Mark Wardel

Mark Wardel


Words Kirk Truman

Photography Etienne Gilfillan


“I’d found a balance between commercial work and making a living from my passion for my art…”

It’s early on a bright and chilly January morning and in his Limehouse studio, artist Mark Wardel and I are discussing art, fashion, music and Soho’s yesteryear to a soundtrack of ‘70s and ‘80s club tracks. In the background, multiple startlingly realistic life masks of glam-era David Bowie watch over us from the walls – just part of the internationally renowned artist’s work – as I meet the man behind the mask and learn about his early years in Soho.

This year will be Wardel’s 40th as a Londoner, having hightailed it down to the capital after finishing art school in Liverpool in 1978. “You had to be in London if you had ambition to be at the centre of things and be involved creatively in those areas. As a huge Bowie obsessive, music and fashion were key influences on me, so I knew I had to relocate.”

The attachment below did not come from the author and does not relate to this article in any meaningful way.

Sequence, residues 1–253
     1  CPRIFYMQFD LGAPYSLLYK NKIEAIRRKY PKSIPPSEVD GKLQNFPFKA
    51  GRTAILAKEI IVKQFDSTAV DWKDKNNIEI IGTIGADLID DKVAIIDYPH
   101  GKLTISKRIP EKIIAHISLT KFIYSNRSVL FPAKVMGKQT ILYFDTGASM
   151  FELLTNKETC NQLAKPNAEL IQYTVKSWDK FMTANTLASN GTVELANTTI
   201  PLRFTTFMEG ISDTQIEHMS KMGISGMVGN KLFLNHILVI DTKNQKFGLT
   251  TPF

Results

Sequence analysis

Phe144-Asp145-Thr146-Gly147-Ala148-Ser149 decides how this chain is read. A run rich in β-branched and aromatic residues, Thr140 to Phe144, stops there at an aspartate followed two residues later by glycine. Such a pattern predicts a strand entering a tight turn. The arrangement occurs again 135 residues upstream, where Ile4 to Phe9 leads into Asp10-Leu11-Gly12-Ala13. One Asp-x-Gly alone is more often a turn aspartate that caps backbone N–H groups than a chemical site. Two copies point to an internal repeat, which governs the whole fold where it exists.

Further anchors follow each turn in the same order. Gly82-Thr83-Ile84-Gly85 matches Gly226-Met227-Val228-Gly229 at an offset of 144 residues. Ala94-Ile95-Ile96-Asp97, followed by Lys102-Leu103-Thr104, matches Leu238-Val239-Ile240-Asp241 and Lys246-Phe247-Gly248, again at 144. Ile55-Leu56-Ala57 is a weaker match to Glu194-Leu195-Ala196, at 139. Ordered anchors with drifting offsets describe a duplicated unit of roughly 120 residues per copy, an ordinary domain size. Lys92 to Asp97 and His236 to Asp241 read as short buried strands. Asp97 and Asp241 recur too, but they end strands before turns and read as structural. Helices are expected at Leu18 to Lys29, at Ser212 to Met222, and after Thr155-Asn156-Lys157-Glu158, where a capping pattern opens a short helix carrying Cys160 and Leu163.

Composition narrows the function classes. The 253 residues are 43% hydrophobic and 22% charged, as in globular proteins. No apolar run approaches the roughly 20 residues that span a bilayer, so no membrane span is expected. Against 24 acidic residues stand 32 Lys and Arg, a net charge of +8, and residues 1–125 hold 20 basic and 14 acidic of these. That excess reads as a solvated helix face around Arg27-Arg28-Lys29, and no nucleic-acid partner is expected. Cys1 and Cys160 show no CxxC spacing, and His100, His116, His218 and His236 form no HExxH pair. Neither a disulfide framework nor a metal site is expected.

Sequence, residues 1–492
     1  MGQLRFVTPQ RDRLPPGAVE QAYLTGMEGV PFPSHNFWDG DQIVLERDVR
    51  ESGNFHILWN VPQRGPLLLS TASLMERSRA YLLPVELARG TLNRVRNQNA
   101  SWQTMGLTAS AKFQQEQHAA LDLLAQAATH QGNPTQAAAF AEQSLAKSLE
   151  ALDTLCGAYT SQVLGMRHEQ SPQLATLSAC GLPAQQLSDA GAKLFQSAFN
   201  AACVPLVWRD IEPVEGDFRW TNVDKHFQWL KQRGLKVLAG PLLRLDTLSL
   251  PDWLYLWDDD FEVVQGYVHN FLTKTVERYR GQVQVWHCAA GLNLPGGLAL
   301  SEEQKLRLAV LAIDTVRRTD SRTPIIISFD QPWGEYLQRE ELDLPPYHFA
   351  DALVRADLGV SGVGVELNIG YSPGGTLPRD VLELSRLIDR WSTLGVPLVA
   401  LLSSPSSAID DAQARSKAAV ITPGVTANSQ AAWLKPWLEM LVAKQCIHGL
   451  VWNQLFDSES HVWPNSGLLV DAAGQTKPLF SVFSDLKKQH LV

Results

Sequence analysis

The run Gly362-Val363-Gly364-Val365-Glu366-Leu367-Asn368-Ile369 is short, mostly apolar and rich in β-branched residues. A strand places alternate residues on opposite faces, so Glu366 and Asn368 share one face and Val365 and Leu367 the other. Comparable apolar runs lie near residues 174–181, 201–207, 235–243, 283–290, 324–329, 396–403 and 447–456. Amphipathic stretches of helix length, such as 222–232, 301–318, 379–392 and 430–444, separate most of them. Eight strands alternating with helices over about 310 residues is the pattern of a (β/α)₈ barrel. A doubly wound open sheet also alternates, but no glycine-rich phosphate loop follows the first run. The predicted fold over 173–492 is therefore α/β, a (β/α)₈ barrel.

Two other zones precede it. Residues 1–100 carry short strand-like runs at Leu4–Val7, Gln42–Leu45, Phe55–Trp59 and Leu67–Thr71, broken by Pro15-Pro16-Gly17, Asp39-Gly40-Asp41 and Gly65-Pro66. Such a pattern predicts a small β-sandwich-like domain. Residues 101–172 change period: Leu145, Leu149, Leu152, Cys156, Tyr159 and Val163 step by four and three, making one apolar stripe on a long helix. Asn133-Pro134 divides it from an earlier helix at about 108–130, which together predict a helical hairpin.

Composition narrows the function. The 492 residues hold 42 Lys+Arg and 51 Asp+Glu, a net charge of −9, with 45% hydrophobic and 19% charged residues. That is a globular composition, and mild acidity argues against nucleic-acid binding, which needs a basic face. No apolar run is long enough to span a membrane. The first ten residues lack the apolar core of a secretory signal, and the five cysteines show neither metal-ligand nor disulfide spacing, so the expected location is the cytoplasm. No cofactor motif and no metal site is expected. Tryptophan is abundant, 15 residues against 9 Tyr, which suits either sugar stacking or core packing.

Mark hawked his art school portfolio around the advertising agencies of Soho, securing a job as a junior illustrator at the third one he tried: Robert Davies Design for Advertising, based in Canaletto’s old studio at 41-45 Beak Street. ”There’s no way that could happen today – you wouldn’t even get through the door!” laughs Wardel.

His earliest impressions of Soho came from 70s cult TV show Budgie and seminal documentary Johnny Go Home; they evoked a seedy, down-at-heel glamour that the teenage Wardel found both frightening and alluring. In fact, a series of coincidences and chance meetings meant that he moved rapidly from being the new kid in town to socialising with the heroes he’d previously only fantasised about meeting: David Bowie, Andy Warhol and David Hockney, among others. ”It’s almost like my life chose me rather than the reverse. I was suddenly hanging out with Antony Price (clothes designer for Roxy Music), who introduced me to all these amazing people. I started frequenting the Blitz club where I became a kind of ‘court painter’ to the club’s luminaries, including Steve Strange and a pre-fame Boy George, and life became just what I had imagined it would be in London.”